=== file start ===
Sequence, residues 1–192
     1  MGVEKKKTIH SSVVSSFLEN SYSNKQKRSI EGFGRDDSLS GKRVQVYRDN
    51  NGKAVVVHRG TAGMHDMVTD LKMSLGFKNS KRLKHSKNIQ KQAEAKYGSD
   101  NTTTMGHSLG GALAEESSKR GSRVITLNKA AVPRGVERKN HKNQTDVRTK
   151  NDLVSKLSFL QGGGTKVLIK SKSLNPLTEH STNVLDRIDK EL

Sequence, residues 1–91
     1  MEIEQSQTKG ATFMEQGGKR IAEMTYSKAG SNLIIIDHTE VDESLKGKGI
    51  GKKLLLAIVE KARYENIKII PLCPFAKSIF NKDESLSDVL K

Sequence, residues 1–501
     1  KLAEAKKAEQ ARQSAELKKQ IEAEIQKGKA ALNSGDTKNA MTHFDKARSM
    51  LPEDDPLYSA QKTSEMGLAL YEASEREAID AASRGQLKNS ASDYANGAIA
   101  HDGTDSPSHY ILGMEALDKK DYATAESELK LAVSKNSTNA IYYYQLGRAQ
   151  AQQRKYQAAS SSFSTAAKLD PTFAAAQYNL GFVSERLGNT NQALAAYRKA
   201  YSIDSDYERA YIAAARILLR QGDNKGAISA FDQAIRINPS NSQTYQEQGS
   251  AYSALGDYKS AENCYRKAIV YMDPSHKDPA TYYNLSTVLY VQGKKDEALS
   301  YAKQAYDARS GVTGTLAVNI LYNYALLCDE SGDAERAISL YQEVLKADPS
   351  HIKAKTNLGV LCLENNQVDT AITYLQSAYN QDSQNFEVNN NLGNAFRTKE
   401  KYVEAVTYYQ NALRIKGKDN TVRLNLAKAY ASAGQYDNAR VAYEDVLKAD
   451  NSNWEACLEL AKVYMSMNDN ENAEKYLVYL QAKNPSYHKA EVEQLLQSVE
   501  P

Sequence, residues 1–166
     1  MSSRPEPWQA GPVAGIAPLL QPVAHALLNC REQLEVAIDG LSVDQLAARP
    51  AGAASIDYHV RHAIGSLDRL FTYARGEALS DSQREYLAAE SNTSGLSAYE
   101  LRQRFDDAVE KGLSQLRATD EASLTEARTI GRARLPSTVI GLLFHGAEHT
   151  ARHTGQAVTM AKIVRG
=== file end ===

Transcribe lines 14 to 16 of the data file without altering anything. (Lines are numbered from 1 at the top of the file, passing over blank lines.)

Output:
   201  YSIDSDYERA YIAAARILLR QGDNKGAISA FDQAIRINPS NSQTYQEQGS
   251  AYSALGDYKS AENCYRKAIV YMDPSHKDPA TYYNLSTVLY VQGKKDEALS
   301  YAKQAYDARS GVTGTLAVNI LYNYALLCDE SGDAERAISL YQEVLKADPS